LifeAfterDx--Diabetes Uncensored

A internet journal from one of the first T1 Diabetics to use continuous glucose monitoring. Copyright 2005, 2006, 2007, 2008, 2009, 2010, 2011, 2012, 2013, 2014, 2015, 2016

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Location: New Mexico, United States

Hi! I’m William “Lee” Dubois (called either Wil or Lee, depending what part of the internet you’re on). I’m a diabetes columnist and the author of four books about diabetes that have collectively won 16 national and international book awards. (Hey, if you can’t brag about yourself on your own blog, where can you??) I have the great good fortune to pen the edgy Dear Abby-style advice column every Saturday at Diabetes Mine; write the Diabetes Simplified column for dLife; and am one of the ShareCare diabetes experts. My work also appears in Diabetic Living and Diabetes Self-Management magazines. In addition to writing, I’ve spent the last half-dozen years running the diabetes education program for a rural non-profit clinic in the mountains of New Mexico. Don’t worry, I’ll get some rest after the cure. LifeAfterDx is my personal home base, where I get to say what and how I feel about diabetes and… you know… life, free from the red pens of editors (all of whom I adore, of course!).

Saturday, December 18, 2010

The Saturday Share #5

Did you know that health topics are the number one internet search item, outstripping even porn? Uh… pardon the Freudian slip there...

So to do my part in trying to keep internet health information correct I’ve been two-timing my blog by writing over at
Sharecare were I am one of their “Experts” answering diabetes questions posted by readers.

I’m having a blast, and I’ve decided that every week I’m going to share one of my favorite questions with you here.

Sharecare Question: What causes diabetic foot problems?

My “Expert” answer: Scary but true story: a man with diabetes came home from work super-tired one day and decided to grab a quick nap. He sat down on his couch, took his shoes off, slipped his glasses into one of the shoes for safe-keeping and nodded off. (About half of you out there know where this is going….)

He was woken with a start by the phone ringing. His wife had just been in a car accident and was in the Emergency Room. He jumped off the couch, pulled his shoes on, and dashed off to the hospital. Don’t worry. She wasn’t badly hurt. But it was eight hours later before they both got home. When he took his shoes off again he found his glasses. In the shoe. For eight hours he'd worn a shoe with a pair of glasses in them and had no clue.

I saw his custom-molded shoe insert, still bearing the exact imprint of his glasses, sort of like fossilized dinosaur tracks.

So, to answer your question, diabetic foot problems actually happen because in some people, many years of high blood sugar causes them to lose all sensation in their feet. Most of us get annoyed when we get a pebble in our shoes. The hero of our story had an entire pair of glasses in his shoe and couldn’t feel it!

Lack of sensation is exactly half the story. The second half is that most people aren’t in the habit of looking at the bottom of their feet, largely because there is no real reason for most people to do so.

If you don’t feel pain when you injure your foot. And you don’t look at your feet, how would you know if you’d been hurt? Right. You wouldn’t.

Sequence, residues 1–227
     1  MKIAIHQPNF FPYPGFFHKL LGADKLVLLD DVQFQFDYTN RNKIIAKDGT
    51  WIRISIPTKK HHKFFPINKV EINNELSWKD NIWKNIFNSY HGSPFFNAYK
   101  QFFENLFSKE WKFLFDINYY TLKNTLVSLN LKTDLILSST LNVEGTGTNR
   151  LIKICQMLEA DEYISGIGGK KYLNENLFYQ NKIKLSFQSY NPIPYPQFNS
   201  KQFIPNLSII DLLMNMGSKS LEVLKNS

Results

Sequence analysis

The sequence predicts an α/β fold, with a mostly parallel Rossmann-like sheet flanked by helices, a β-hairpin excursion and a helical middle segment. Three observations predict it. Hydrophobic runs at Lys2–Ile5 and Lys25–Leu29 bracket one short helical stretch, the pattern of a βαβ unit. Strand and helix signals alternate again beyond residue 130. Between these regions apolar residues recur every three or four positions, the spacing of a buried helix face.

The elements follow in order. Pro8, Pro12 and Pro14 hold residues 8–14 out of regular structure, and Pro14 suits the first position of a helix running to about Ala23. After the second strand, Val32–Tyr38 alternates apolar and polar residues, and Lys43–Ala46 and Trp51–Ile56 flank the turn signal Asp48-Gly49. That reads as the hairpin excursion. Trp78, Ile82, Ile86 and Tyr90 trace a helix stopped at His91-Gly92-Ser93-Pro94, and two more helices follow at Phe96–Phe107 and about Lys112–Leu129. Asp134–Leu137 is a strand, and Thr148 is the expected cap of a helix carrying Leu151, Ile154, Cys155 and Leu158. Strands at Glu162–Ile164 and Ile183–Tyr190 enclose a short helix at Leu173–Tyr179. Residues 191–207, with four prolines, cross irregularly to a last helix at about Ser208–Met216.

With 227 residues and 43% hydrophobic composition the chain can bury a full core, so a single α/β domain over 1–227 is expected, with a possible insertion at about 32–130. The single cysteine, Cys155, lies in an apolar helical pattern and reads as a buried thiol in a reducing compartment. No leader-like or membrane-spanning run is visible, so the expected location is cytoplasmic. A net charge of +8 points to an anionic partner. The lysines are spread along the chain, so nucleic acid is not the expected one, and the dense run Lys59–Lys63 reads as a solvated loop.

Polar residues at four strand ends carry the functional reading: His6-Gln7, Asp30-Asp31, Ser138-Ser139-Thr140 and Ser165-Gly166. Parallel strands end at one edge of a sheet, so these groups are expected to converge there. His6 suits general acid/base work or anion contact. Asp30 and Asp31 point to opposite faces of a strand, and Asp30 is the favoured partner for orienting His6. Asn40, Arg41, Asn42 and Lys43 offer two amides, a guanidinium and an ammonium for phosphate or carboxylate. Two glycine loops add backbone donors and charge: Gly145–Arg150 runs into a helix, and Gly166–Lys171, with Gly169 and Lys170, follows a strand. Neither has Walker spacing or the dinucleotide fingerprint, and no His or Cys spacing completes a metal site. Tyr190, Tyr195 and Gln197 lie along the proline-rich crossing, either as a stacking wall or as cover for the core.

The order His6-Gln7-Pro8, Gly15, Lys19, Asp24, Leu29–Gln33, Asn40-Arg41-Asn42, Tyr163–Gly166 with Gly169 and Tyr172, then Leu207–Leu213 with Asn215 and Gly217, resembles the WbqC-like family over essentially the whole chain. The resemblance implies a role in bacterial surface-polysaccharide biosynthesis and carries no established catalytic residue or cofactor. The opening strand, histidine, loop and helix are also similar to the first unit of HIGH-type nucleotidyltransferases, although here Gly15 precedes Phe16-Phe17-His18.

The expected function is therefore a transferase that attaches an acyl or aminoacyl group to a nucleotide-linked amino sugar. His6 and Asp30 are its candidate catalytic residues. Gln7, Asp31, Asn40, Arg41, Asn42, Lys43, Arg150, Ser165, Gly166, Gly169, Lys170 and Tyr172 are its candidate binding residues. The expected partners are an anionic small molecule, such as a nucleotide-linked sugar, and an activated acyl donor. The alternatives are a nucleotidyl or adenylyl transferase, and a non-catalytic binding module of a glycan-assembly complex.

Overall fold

And that’s exactly what causes 84,000 non-traumatic amputations every year in our county. Of course all amputations are traumatic to the amputee, but in this case we simply mean medically necessary amputations that aren’t the result be being run over by a riding mower or being in a car accident.

The exact progression is: injury, infection, ulcer, gangrene--a.k.a. tissue necrosis, literally the death of part of your body that is still attached to you--and finally, amputation.

So the single best thing you can do to prevent this from happening to you is to “kiss” your feet goodnight every night. Look at your feet at bedtime. If you are to… um…ah... too hefty to see your feet use a hand mirror placed on the floor. Make sure everything looks OK. Start doing this now, even if you have great sensation in your feet, that way if you lose it in the future you will already be in the habit of taking care of them.

You can check out other Expert’s answers to this question, and my answers to many more questions by going here:

Then select the “Answers” tab near the top left.


Blogger Reyna said...

I liked this one Wil. I kind of had a foot issue with Joe about a month ago. He dropped a metal hockey "passer" on his big toe. It was immediately blue...he was screaming. I gave him ibuprofen ATC over the next couple of days.

He didn't complain much for the next day or two. Then he stated that he was going to miss his "favorite" subject. I stated, 'but PE isn't for two days'. He said, 'I know, but my toe hurts so bad'.

Like any ex-ICU nurse...I held the tip of a needle in a flame and put a hole in his nail bed using the hot needle tip...the needle then got stuck in his nail once it made it through. I told Joe to "sit tight" I had to go get some pliers. He then exclaimed 'THE PLIERS!!!! WHAT DO YOU NEED THOSE FOR?"

Well, the long and the short of it is the pliers got the needle out. Joe was and is a champ. And his nail is almost about to fall off. I knew to keep an eye out for infection and boosted up BGs I didn't call the MD. I may get a nasty-gram on this comment if someone doesn't agree. Do you think I should have taken Joe in to see a professional? My thought was, he doesn't have neuropathy yet and I was keeping a close eye on it...

5:48 PM  

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